13 April India Today History
In his memoirs, Habib Tanvir, one of the leading names in Indian theatre after Independence, wrote: “[F]or all his work in films, cinema wasted his (Sahni’s) talent. He was such a brilliant comedian, he was so effective in Jadu ki Kursi that his performance was unforgettable. I have seen many of his films too; he always acted with great control and subtlety but he was never given a comic role.”
A new medium
Sahni’s debut Hindi film was Insaaf. This was followed by films like Dharti Ke Lal (based on the 1943 Bengal famine) and Door Chalein. In 1951, he worked with actors Dilip Kumar and Nargis in Hulchul. In between the film’s shooting, Sahni was arrested for being a communist sympathiser, and the film director K. Asif took special court permission to allow Sahni to shoot.
Sahni wrote the story and dialogues for Baazi. In an article on Sahni, the renowned film critic Dinesh Raheja wrote in rediff.com: “The crime-musical (Baazi) was a smash hit. But Sahni’s refusal to kowtow to box-office parameters and his uncompromising nature as a writer—he made Guru Dutt wait for six months before he delivered the leather-bound script of Baazi—ensured that he was largely offered work as an actor.”
It was, however, in 1953 that Sahni’s acting prowess was widely recognised after the release of Bimal Roy’s Do Bigha Zameen, which won a prize at the prestigious Cannes Film Festival in France. In it he played the role of Shambhu, a farmer trying to save his small plot of land from an unscrupulous landlord. Unable to pay a loan, he goes to Calcutta where he pulls a rickshaw to earn a meagre income.
In an article in the DNA in April 2013, the writer and critic Jai Arjun Singh noted: “An undervalued aspect of Do Bigha Zameen is the depiction in its early scenes of the love between Shambhu and his wife, the playfulness of their banter. . . . Sahni grounds the edifice by playing Shambhu as a well-rounded individual rather than just a victim or a symbol. Much of the story’s power comes from seeing his artless smile being gradually erased over time.”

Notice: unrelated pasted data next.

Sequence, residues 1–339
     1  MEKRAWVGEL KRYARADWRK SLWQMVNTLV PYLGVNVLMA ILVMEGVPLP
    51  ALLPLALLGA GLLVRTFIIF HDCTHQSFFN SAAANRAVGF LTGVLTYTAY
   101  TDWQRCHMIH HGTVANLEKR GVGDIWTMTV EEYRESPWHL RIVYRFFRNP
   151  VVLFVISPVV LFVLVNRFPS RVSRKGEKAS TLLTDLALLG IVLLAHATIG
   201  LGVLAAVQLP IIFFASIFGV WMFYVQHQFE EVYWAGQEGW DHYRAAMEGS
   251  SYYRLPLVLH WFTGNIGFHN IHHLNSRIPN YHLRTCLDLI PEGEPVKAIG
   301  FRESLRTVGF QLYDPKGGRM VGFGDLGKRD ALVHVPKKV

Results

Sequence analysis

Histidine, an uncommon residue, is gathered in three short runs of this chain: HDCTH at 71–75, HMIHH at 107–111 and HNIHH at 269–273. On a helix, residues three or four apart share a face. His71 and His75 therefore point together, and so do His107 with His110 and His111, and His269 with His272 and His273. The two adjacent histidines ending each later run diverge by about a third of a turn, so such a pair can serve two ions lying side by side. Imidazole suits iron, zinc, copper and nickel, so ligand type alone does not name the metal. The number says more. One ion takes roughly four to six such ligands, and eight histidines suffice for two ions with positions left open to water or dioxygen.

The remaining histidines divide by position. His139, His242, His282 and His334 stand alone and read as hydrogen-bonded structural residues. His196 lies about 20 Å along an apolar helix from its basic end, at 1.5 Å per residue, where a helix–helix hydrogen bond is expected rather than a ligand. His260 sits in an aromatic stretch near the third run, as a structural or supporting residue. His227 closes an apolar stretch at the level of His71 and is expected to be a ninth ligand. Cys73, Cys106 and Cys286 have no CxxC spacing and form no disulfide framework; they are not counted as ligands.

Actor, writer, artiste
Another famous film of Sahni was Kabuliwala (1961), based on a story by Rabindranath Tagore. Sahni effectively portrayed the character of a dry-fruit seller who comes from Afghanistan to sell his goods in Calcutta.
His other films include Lajwanti, Kathputli, Seema, Pavitra Paapi and—more famously—Garm Hava, Haqeeqat and Waqt. In Haqeeqat, one of India’s best war films (based on the disastrous 1962 war with China), Sahni played the role of an Indian army officer.
Garam Hawa, directed by M.S. Sathyu, was a story about Partition and its effects on individuals. Sahni depicts the inner turmoil of a Muslim businessman from Agra who refuses to leave everything behind and go to the newly created Pakistan.
Fluent in English, Hindi, Punjabi and Urdu and with wide-ranging interests—from poetry to theatre and writing—Sahni was intellectually leagues above the typical Bombay star.
As Deepak Mahaan wrote in The Hindu: “A sublimely gifted artiste, Sahni’s earthy effervescence also came about due to his delicate understanding of the nuances of English, Hindi, Urdu, Sanskrit and Punjabi. A writer from his college days, Sahni’s eloquent oratorical skills not only earned him a place on the distinguished panel of BBC Radio in London in the pre-Independence era but also made him dominate theatre in Bombay later. . . . Today, if Balraj Sahni hasn’t been accorded his stature, it is probably because the man wasn’t given to canvassing for himself.”
Balraj Sahni died on 13 April 1973 due to a heart attack, shortly after completing Garam Hawa, his final film.
In a convocation address delivered at Delhi’s Jawaharlal Nehru University in 1972, he had said: “Our little film world either offers the actor too little work, forcing him to eat his heart out in idleness; or gives him too much – so much that he gets cut off from all other currents of life. Not only does he sacrifice the pleasures of normal family life, but he also has to ignore his intellectual and spiritual needs. . . . A vast number of books which I should have read, I have not been able to read. So many events I should have taken part in, have passed me by. Sometimes I feel terribly left behind.”
Also on this day:
1940 — Najma Heptulla, Indian politician, was born
1956 — Satish Kaushik, Indian film director and actor, was born